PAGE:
I loved this book and it's a story I haven't read in a while; voices from NY's past. Mary lived primarily in the village, raising her two daughters while working at a magazine company, as they do. No mention of Jane Jacobs but I wouldn't be surprised if their paths crossed while in Washington Square Park. I love the descriptions of the city back then and how timeless the sentiments are. I enjoyed looking up her addresses of her homes and still finding what was there. Once near
...more
Emma
Jun 19, 2019 rated it really liked it
4.5. It was a bit hard to follow her writing style and scrambled thoughts. However, I found it to be deeply honest and relatable. I struggled with the rating because it was hard to stay interested in the story. I often could only manage reading a few pages before finding something else to do. But when I made a conscious effort to read more that 10 pages, it was very enjoyable. I also didn’t understand any of her references— both with the people she talked about and places in New York. Overall, t ...more
Sandra
Mar 29, 2020 added it
I enjoyed the book and it was a nostalgic tour through the 70s when I had been reading Cantwell's column in Mademoiselle magazine. I bought the magazine for her column which was entitled:Eat and also because the magazine had excellent short stories. I learned so much about her life and how that played out in her prose. So much has changed in the publishing world and in New York so it had me lamenting about the current state of (or lack thereof) of good editors. I followed her to the NY Times but ...more
Hilary Hudgins
May 01, 2020 rated it really liked it
It was funny to find a book I hadn't read, sitting on my shelves, that takes place, almost entirely, within the bounds of my neighborhood during a global pandemic currently quarantining me to my home, its books, and its shelves — except when I'm allowed an occasional masked walks....within the bound of my neighborhood. Cantwell's New York, however, rings truer than ever. Her village is my village. Her headspace, my own. It's one of the great wonders of this place that everything is always changi ...more
Daniel Sevitt
May 13, 2017 rated it really liked it  ·  review of another edition
Shelves: auto-biography
I don't remember what led me to this, but it was a perfect fit for the reading window I had today. It's a little self-indulgent, but deliciously name-droppy. There's some fine, therapy-earned insights into her failing relationship with her husband, but I was less interested in the build-up to divorce than I was in the gorgeous descriptions of Greenwich Village in the 50s and 60s and the insider view of the magazine business back then.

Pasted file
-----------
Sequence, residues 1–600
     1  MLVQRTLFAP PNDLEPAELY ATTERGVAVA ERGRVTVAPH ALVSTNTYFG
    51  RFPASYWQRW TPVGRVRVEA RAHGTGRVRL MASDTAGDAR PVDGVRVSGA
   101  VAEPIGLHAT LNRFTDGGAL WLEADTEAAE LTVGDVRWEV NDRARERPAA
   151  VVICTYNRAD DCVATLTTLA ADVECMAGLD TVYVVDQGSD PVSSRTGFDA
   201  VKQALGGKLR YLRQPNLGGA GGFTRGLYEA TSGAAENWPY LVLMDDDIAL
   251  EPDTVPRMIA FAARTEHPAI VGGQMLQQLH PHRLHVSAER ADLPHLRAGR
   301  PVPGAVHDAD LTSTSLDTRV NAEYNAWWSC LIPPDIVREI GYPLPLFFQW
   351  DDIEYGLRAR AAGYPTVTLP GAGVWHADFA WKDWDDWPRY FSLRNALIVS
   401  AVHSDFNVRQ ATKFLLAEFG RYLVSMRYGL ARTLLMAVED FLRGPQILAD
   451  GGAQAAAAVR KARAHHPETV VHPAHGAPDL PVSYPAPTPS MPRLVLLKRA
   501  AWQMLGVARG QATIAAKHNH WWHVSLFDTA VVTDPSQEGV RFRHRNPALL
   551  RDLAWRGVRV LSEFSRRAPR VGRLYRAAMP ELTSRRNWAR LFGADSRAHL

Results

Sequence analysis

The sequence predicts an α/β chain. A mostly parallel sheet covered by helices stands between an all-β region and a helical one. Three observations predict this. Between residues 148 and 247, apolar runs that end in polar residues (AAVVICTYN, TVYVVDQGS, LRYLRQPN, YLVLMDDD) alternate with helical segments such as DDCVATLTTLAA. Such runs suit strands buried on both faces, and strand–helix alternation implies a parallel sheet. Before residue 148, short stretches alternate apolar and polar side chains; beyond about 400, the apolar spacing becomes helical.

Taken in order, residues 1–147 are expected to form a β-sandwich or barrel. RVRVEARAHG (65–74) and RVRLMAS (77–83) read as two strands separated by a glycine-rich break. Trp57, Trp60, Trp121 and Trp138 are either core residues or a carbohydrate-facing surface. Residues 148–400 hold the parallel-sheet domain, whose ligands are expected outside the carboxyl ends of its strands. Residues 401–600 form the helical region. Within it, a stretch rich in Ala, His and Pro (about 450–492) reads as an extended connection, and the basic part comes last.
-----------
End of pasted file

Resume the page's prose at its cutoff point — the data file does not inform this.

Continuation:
Laura Alice Watt
Jan 02, 2020 rated it liked it
I enjoyed reading this memoir mostly for the descriptions of NY in the '50s, recognizing places that are still there, etc. Cantwell is a somewhat disturbing writer, as she alludes to all kinds of mental troubles she was having during this time but never really makes sense of it - I was left feeling like something had been overlooked. (10/97)
Bibliophile
May 24, 2017 rated it really liked it
Low key memoir that paints a vivid picture of 1950's Manhattan. With few words Cantwell conveys the state of her mind and marriage perfectly clearly. I'll bet anything Matt Weiner read this cover to cover, furiously taking notes.
Lea Gallardo
Jul 27, 2018 rated it liked it
Shelves: finished
I picked this up because I thought it would be about Manhattan (think Hamill and Downtown) but it wasn't. It was a personal memoir of agonizing one's way through life and a series of homes in the 1960 and 60s Greenwich village.
Michele
Aug 18, 2018 rated it it was amazing
Thoroughly likeable memoir of 2-ish decades in the life of a not quite likeable woman (who became more likeable towards the end), and a delicious remembrance of a particular time & place in 20th century New York in the literary set. It was absolutely everything a memoir should be. ...more
Robert Guttersohn
Nov 18, 2019 rated it really liked it  ·  review of another edition
3.5 for now. Really enjoyed the descriptions of Manhattan. Very quick vignettes into the life of a New Yorker struggling with depression and identity.

However, the time spent discussing the fashion magazine wold were filled with names I don’t know.
Becca Martin
Jul 29, 2019 rated it it was amazing
Shelves: pre-2018
If you like Sylvia Plath, you will like Mary Cantwell. They wrote in the same era so much of the environment they speak of is similar. She has the bluntness of the beat era but the femininity to truly show what her life was like as a woman trying to write in a man’s world.
Belinda
Sep 17, 2019 rated it it was amazing
Oh, how I loved this book! It makes me homesick, not only for the Manhattan of my youth, but also, of a bygone era. I look forward to reading the book that follows this one.
Briana
Sep 20, 2019 rated it it was amazing
Obviously right up my alley.
Still thinking about and rereading
I loved it so
Holly Haze
Mar 15, 2017 rated it liked it
I've been reading more memoirs of late, but this one didn't grab me. It wasn't memorable. It didn't stand out. The only redeeming attribute in this book was her incredible vocabulary and verbiage. I actually enjoyed reading her words. Other than that, it was difficult to care about anything that went on in this story.
Abigail Rogers
May 05, 2020 rated it it was ok
Depressing; Sylvia Plath minus the intrigue. Not an excellent overview of life in New York, just an overview of a woman’s life before the advent of genuine complexity. Honest, I suppose, but a struggle to finish secondary to permeating lack of interest and overarching depression on the author’s behalf.
LadyJane61
Mar 05, 2017 rated it it was amazing
Outstanding. I was completely engrossed. A captivating, a rare glimpse into mid-20th century Manhattan, a golden age when it was a magical, fairytale of a place to be.
Katherine
Apr 16, 2020 rated it really liked it
I purposely chose to read a book with New York as a character during a time I was quarantined from the city. Mary’s description of the city brought me back at times but if anything I realized how much the city has changed. Knowing the west village streets and knowing they would be my future haunts was enjoyable. Her word choice was difficult at times and I was confused why she never named her husband (I guess because the book was published in a time before google).
DoctorM
Jun 12, 2012 rated it really liked it
Shelves: memoirs
An unexpected find, and a beautiful, lyrical read--- the intertwined tales of a lost New York and of a doomed marriage. Mary Cantwell graduated Connecticut College in 1954, moved to Manhattan and into a series of jobs at fashion magazines. She married young--- too young, though in those days 23 or 24 was the age at which a girl from a good family was expected to become a wife and mother. She married out of social expectation and to have someone in her life to give her stability and replace the f ...more